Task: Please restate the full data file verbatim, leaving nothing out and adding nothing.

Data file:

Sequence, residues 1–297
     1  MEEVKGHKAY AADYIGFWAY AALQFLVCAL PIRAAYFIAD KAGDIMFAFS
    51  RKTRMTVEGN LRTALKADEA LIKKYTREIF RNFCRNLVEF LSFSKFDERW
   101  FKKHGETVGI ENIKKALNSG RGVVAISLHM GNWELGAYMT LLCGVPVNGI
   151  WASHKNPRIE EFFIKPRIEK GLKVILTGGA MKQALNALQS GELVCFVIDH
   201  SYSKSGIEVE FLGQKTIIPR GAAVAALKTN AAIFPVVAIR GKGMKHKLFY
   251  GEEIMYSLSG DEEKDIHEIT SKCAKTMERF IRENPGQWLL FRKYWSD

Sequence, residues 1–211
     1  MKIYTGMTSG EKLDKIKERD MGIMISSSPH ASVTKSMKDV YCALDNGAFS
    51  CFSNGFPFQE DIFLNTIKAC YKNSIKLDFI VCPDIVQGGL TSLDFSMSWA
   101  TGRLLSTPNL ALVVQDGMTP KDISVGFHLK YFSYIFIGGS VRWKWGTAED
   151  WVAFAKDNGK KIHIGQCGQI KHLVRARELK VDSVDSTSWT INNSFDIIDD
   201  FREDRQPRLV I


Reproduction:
Sequence, residues 1–297
     1  MEEVKGHKAY AADYIGFWAY AALQFLVCAL PIRAAYFIAD KAGDIMFAFS
    51  RKTRMTVEGN LRTALKADEA LIKKYTREIF RNFCRNLVEF LSFSKFDERW
   101  FKKHGETVGI ENIKKALNSG RGVVAISLHM GNWELGAYMT LLCGVPVNGI
   151  WASHKNPRIE EFFIKPRIEK GLKVILTGGA MKQALNALQS GELVCFVIDH
   201  SYSKSGIEVE FLGQKTIIPR GAAVAALKTN AAIFPVVAIR GKGMKHKLFY
   251  GEEIMYSLSG DEEKDIHEIT SKCAKTMERF IRENPGQWLL FRKYWSD

Sequence, residues 1–211
     1  MKIYTGMTSG EKLDKIKERD MGIMISSSPH ASVTKSMKDV YCALDNGAFS
    51  CFSNGFPFQE DIFLNTIKAC YKNSIKLDFI VCPDIVQGGL TSLDFSMSWA
   101  TGRLLSTPNL ALVVQDGMTP KDISVGFHLK YFSYIFIGGS VRWKWGTAED
   151  WVAFAKDNGK KIHIGQCGQI KHLVRARELK VDSVDSTSWT INNSFDIIDD
   201  FREDRQPRLV I